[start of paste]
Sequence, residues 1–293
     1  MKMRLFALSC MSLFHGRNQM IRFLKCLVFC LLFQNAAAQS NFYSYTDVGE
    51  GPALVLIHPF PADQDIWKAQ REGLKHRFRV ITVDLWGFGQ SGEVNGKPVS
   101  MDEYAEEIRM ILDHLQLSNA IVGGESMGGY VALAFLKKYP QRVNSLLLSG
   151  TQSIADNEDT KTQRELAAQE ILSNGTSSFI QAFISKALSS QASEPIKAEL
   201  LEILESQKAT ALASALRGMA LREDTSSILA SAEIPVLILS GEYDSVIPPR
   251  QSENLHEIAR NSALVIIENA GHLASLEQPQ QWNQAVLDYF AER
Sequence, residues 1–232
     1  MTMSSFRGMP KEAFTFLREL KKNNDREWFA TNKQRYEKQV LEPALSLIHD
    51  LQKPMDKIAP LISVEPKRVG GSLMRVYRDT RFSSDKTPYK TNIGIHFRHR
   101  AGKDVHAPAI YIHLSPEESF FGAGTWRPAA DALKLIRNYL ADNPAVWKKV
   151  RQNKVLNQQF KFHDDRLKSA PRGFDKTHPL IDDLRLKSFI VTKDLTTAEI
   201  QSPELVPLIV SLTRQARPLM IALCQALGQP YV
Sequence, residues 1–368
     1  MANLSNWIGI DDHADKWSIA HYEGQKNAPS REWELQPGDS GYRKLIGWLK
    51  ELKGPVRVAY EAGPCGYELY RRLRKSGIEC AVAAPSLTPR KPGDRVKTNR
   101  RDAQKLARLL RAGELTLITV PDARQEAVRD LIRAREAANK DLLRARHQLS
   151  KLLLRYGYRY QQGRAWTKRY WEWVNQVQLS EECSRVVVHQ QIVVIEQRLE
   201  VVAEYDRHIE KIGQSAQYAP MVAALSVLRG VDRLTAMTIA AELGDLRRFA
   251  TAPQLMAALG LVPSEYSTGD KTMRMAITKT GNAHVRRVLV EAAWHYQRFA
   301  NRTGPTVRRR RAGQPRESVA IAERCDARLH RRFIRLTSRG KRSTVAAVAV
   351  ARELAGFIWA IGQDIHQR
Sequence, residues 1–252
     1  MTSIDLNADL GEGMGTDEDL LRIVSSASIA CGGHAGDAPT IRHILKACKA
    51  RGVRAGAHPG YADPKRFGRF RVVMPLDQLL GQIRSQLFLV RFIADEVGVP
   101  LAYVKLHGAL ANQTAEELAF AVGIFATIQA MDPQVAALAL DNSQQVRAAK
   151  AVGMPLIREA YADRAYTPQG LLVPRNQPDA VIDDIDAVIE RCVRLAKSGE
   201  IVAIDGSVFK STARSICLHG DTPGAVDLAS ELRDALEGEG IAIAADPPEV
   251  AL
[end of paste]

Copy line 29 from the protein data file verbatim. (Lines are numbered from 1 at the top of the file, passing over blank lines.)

   251  AL